Have you ever been on a crowded train with your gay friend and a small part of you is cringing because he is being SO gay and you find yourself trying to compensate by butching up or nudging the conversation onto “straighter” territory? This is you who have spent 35 years trying to be the best gay possible and yet still a small part of you is embarrassed by his gayness.  And I hate myself for that. And that feels oppressive. And when I’m standing at the pedestrian lights I am checking myself.

Have you ever turned on the computer and seen videos of people just like you in far away countries, and countries not far away at all, being beaten and imprisoned and tortured and murdered because they are just like you?  And that feels oppressive.

And for the last three weeks I have been denounced from the floor of parliament to newspaper columns to the seething morass of internet commentary for “hate speech” because I dared to use the word “homophobia”. And a jumped-up queer like me should know that the word “homophobia” is no longer available to gay people. Which is a spectacular and neat Orwellian trick because now it turns out that gay people are not the victims of homophobia – homophobes are.

But I want to say that it is not true. Because I don’t hate you.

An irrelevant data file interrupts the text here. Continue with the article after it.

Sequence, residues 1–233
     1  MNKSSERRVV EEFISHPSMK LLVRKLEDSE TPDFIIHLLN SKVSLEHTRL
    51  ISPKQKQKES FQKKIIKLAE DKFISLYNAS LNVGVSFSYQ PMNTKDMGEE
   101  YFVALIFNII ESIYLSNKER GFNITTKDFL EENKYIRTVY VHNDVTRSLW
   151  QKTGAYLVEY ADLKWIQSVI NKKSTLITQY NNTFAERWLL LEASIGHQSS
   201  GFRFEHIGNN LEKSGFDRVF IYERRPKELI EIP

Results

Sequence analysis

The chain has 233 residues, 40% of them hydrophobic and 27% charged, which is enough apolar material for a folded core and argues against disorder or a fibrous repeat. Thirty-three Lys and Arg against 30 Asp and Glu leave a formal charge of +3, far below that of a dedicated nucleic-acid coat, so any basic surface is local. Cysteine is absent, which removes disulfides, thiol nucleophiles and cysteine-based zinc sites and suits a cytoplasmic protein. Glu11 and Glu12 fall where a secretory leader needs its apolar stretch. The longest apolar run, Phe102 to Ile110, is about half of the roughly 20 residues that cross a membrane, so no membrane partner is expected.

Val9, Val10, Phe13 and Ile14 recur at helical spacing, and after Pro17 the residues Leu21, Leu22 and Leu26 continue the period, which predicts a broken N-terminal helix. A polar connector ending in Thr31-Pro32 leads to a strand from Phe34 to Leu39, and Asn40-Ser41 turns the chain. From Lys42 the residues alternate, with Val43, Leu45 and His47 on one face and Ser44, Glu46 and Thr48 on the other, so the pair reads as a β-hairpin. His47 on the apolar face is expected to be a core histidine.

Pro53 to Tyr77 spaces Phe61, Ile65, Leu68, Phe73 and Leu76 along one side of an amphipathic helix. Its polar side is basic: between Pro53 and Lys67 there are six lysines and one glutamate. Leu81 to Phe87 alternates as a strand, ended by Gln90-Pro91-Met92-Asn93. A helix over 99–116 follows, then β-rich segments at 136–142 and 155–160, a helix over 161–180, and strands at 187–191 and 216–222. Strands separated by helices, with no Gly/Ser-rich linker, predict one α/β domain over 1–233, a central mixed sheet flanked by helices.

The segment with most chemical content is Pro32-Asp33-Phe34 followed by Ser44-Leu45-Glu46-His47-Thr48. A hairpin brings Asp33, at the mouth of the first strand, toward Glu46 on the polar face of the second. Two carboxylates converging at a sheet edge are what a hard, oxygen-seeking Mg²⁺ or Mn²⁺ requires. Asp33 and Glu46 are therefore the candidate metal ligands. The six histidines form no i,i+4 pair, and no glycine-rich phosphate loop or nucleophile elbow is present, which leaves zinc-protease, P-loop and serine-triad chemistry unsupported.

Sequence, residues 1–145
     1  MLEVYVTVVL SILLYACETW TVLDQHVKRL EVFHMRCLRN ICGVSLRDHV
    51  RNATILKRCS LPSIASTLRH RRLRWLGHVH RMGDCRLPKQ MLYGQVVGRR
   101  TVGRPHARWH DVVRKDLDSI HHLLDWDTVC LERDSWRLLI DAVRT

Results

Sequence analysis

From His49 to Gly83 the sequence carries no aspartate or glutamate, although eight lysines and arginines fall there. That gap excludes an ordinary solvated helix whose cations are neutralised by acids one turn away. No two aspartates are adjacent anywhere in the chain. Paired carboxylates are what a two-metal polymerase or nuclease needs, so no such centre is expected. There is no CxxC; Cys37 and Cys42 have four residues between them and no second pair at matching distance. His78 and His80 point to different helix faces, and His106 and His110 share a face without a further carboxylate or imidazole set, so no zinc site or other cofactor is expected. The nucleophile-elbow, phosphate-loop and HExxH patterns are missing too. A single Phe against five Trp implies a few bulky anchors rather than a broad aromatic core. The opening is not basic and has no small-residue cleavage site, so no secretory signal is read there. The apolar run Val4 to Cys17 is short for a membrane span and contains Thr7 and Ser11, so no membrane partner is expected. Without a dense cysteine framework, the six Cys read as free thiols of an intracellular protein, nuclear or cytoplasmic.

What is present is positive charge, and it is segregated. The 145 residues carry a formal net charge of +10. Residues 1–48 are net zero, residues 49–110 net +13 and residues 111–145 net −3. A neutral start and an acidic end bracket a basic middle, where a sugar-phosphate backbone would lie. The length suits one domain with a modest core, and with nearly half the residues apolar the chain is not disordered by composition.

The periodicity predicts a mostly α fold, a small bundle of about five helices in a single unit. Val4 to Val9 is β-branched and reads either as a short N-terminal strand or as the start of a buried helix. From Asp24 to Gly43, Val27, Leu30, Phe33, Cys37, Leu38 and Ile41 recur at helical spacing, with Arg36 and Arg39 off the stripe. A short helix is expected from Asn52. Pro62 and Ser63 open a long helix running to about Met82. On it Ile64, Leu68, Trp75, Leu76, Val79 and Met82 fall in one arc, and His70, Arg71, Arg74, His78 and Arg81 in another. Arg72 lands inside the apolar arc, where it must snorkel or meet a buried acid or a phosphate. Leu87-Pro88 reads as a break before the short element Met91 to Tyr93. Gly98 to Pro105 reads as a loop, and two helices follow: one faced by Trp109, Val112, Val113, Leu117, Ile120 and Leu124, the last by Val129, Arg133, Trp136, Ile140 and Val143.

I do, it is true, believe that almost all of you are probably homophobes. But I’m a homophobe. It would be incredible if we weren’t. To grow up in a society that is overwhelmingly homophobic and to escape unscathed would be miraculous. So I don’t hate you because you are homophobic. I actually admire you. I admire you because most of you are only a bit homophobic. Which all things considered is pretty good going.

But I do sometimes hate myself. I hate myself because I fucking check myself while standing at pedestrian crossings. And sometimes I hate you for doing that to me.  But not right now. Right now, I like you all very much for giving me a few moments of your time. And I thank you for it.

I wept when I heard that. I didn’t realise how deep it goes for gay people. I didn’t realise the aching loneliness, even within a community, of how it feels to be different, always at risk of attack or ridicule; having to be strong, simply in order to be; how hard, how wearying it is to lead a life of integrity.

The Cascade conversations I have been a part of I’ve found helpful – sometimes dizzying in the difference not only of opinion but of language, confusing in the number of different perspectives. But the main thing I have learnt was that I can’t know what it’s like. I cannot walk in the shoes of those who have to strive just to be. I wish I could, but there’s no way for me to truly understand. But now at least I know two things: